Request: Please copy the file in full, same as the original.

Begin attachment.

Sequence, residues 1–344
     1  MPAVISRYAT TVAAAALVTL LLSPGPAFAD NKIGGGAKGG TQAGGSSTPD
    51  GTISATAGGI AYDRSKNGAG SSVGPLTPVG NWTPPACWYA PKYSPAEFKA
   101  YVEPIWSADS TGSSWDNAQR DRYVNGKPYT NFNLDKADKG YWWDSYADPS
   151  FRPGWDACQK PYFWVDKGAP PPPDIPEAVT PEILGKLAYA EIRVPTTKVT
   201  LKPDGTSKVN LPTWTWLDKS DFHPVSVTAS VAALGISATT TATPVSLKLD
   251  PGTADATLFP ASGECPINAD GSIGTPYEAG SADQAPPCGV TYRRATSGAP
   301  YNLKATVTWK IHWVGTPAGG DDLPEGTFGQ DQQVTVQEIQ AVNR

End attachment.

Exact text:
Sequence, residues 1–344
     1  MPAVISRYAT TVAAAALVTL LLSPGPAFAD NKIGGGAKGG TQAGGSSTPD
    51  GTISATAGGI AYDRSKNGAG SSVGPLTPVG NWTPPACWYA PKYSPAEFKA
   101  YVEPIWSADS TGSSWDNAQR DRYVNGKPYT NFNLDKADKG YWWDSYADPS
   151  FRPGWDACQK PYFWVDKGAP PPPDIPEAVT PEILGKLAYA EIRVPTTKVT
   201  LKPDGTSKVN LPTWTWLDKS DFHPVSVTAS VAALGISATT TATPVSLKLD
   251  PGTADATLFP ASGECPINAD GSIGTPYEAG SADQAPPCGV TYRRATSGAP
   301  YNLKATVTWK IHWVGTPAGG DDLPEGTFGQ DQQVTVQEIQ AVNR